Thank Sally Kellerman for making Hot Lips such a huge part of M*A*S*H

The actor wept when Margaret was given only four lines in the M*A*S*H movie. Her waterworks ensured Margaret became so much more than originally written.

Next to Alan Alda, Loretta Swit won the most awards for acting on the TV show M*A*S*H.

Most fans would tell you that her character Margaret "Hot Lips" Houlihan had one of the show's best character arcs.

Where Alda's Hawkeye remained snarky and self-assured throughout the show’s run, Margaret grew beyond her character's snappish nature (like in "Love Story" where she threatens to ruin Radar's one shot of love) into a true friend to everyone in camp (like in "As Time Goes By," where she's the one collecting items from everyone for the time capsule).

For Swit, she knew this evolution would come, given how one-dimensional the character Hot Lips is in the movie M*A*S*H, on which the TV show is based (well, they were both based on the 1968 Richard Hooker novel MASH: A Novel About Three Army Doctors).

What you may not realize is that originally the character of Hot Lips had even less dimension than seen in the movie. Margaret wasn't meant to be a big part of the M*A*S*H movie at all.

Margaret movie actor Sally Kellerman said when she auditioned, it wasn't for the role of Hot Lips, but rather for a bigger character in the movie: Lieutenant Dish.

When Kellerman was instead offered the part of Hot Lips, she burst into tears upon looking over the script. She only saw four lines for Hot Lips in the entire movie.

After she dried her tears, she decided she wasn't sad — she was mad. She called her agent up and told them to tell movie director Robert Altman to "go jump in a lake."

Despite that less-than-professional response, Altman got back, assuring the actor that together, they would expand the character of Hot Lips by adding improvised scenes.

This caught Kellerman's attention. She then saw doing M*A*S*H as an opportunity to really show off her chops as an actor, one on the level of Jack Nicholson in her craft. She agreed to do the movie, seeing it as an opportunity to expand the character and expand her career.

"M*A*S*H was a whole catharsis," Kellerman told Newsweek in 1971. "It freed me of a lot of complexes. All I had played was these suffering women."

Like Swit who followed her, Kellerman was recognized for her role as Margaret. She was nominated for a Best Supporting Actress award for her role in M*A*S*H, nearly snagging an Oscar.

In the end, Swit spent the most time with the character, though, taking "Hot Lips" well past the caricature Kellerman provided in the movie and into the complex kind of character the TV show proved to handle so deftly.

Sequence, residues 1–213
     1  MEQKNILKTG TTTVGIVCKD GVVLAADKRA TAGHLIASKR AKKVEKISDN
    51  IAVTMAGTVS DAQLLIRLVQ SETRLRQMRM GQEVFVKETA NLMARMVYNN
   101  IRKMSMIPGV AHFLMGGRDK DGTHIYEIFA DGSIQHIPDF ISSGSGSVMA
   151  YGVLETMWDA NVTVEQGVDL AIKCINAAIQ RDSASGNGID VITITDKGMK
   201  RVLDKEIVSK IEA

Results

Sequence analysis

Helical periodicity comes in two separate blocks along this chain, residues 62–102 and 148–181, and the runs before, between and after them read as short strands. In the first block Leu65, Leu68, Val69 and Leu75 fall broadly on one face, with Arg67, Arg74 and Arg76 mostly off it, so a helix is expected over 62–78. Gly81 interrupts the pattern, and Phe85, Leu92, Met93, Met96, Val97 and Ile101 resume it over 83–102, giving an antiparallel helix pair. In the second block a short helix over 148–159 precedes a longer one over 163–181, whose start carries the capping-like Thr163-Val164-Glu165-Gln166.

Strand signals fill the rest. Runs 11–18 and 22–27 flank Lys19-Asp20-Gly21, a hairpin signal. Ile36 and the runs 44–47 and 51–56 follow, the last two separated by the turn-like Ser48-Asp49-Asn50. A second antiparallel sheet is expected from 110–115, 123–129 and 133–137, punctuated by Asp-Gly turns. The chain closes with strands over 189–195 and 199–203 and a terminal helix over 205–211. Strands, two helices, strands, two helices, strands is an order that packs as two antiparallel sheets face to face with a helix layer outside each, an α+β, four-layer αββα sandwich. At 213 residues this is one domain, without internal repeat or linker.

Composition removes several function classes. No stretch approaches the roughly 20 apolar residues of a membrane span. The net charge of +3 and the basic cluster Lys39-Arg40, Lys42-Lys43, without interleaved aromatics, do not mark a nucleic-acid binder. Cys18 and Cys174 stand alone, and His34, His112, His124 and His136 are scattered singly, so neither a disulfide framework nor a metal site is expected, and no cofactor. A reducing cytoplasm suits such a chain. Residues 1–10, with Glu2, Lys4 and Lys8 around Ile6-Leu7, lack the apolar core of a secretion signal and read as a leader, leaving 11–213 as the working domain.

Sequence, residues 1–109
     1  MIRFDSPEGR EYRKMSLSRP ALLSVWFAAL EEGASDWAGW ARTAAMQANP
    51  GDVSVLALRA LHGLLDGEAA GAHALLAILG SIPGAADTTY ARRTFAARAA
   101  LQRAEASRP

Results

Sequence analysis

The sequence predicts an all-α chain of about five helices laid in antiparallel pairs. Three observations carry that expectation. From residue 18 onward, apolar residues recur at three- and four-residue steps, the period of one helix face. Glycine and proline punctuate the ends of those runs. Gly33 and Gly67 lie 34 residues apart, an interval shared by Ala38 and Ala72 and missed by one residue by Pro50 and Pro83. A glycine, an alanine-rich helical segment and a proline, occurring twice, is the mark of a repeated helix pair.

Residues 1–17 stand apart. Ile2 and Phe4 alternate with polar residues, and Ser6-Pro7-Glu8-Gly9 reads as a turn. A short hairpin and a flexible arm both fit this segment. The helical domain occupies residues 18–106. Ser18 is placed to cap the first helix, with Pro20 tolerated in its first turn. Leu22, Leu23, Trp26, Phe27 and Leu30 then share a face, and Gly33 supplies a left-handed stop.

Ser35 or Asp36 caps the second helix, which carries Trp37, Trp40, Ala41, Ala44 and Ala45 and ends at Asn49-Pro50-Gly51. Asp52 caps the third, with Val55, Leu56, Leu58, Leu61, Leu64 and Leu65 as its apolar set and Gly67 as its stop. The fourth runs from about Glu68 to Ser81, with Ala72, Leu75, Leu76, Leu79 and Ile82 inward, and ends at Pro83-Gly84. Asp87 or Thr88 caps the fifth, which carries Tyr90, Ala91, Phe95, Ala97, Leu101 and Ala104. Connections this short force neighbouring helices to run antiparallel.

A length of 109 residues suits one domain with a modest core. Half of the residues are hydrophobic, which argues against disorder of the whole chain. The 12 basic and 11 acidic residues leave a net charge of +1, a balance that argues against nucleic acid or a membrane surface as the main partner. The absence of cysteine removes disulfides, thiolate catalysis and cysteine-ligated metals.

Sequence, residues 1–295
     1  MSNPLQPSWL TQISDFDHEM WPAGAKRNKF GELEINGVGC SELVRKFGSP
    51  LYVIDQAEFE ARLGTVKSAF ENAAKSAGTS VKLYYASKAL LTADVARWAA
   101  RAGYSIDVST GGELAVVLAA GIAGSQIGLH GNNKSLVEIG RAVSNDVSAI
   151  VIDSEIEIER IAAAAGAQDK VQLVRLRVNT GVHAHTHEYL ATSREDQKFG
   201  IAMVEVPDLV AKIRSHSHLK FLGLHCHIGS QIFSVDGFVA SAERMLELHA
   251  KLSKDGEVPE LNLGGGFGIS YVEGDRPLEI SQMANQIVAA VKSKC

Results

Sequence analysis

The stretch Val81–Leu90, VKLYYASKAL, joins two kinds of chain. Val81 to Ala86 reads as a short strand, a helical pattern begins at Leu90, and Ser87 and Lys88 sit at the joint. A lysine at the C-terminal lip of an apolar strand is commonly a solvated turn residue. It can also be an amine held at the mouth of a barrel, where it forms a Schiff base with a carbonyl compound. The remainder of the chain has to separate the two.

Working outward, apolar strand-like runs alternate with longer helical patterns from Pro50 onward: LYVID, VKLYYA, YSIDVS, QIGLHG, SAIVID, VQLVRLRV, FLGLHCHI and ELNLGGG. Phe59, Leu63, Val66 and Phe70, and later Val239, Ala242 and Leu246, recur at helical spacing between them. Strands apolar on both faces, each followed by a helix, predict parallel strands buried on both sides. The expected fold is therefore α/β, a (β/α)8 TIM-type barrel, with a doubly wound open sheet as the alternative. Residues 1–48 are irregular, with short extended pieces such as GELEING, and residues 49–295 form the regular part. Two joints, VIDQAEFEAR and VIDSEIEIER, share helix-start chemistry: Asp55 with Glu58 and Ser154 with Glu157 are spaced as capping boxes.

But we have to thank Kellerman for doing that initial work, making sure Margaret would become such a huge part of M*A*S*H's enduring legacy as a top-tier mix of drama and comedy.

Kellerman wrote in her memoir Read My Lips that her time in the movie M*A*S*H was "the greatest experience of my entire career."

But like Swit, she also got sick of forever being seen as "Hot Lips."

"I'd be lying if I said it doesn’t push a button or two every time someone calls me Hot Lips," she wrote. "I've been working for more than fifty years and made at least fifty movies, but for better or worse, I'm most notably remembered as Hot Lips Houlihan."

She got well past the days of angrily responding that people should go jump in lakes, though. She even softened to the point of smiling a little at these slightly irritating fan interactions.

"Recently, as I walked through New York City, a truck driver leaned out the window and yelled, 'Hey, Hot Lips!'" Kellerman said. "That put a big, crooked smile on my face."

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Coldnorth 2 months ago
I can’t imagine not wanting to or not talking about your character on a tv show that made you not only rich but they tend to forget the viewers and fans made her a star. It’s not only her. Others have done the same. I just don’t understand. And as far as unflattering nicknames go to a class reunion and you are still referred to by that name
Beachel 2 months ago
Couldn't stand Margaret. When she wasn't screaming at people, she was making their lives a living hell in other ways.
TheSentinel Beachel 2 months ago
That was early in the series, though she did soften up later on after she split from Major Burns.
Jasonmagee143 2 months ago
I WAS VERY SADDENED THAT THE ACTOR "KELLY" THE NURSE HAD PASSED AWAY EARLIER THIS YEAR, AT THE BEGINNING OF 2021, I BELIEVE? I COULD BE WRONG, BUT, AT LEAST I NOTICED THAT LITTLE TID BIT. GOD REST HER SOUL!
Jasonmagee143 2 months ago
"ONE OF THE MOST ICONIC WRITERS AND DIRECTORS OF OUR TIME, "MASH" RERUNS ARE THE MOST FUN TO WATCH OVER AND OVER AGAIN AND AGAIN AND, IT IS ALWAYS FUNNY, BUT, IT ALWAYS HAS A MORALISTIC EDGE ON EACH EPISODE! I'M SURE THAT SOME DIRECTOR OR PRODUCER WILL WANT TO DO A REMAKE (AGAIN).
Jasonmagee143 2 months ago
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Andybandit 2 months ago
Interesting story. I never saw the movie. Frank is my least favorite character on Mash. He is very racist.
LoveMETV22 2 months ago
I can't imagine M*A*S*H without Loretta Switt. The cast is mainly male aside from Major Houlihan.
Lt. Kellye, Nurse Ginger and the other women rounded out the cast but they had nowhere the visibility that Margaret had.
LoveMETV22 2 months ago
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ncadams27 2 months ago
I liked it better in the early episodes when everybody was funnier. Look how much Klinger expanded his role - he wasn’t even in the movie. In the end, instead of an anti-war comedy in the Vietnam era, M*A*S*H became an avenue for the writers and actors to air their liberal views showing how progressive they are compared to the conservative views of the 1950’s.
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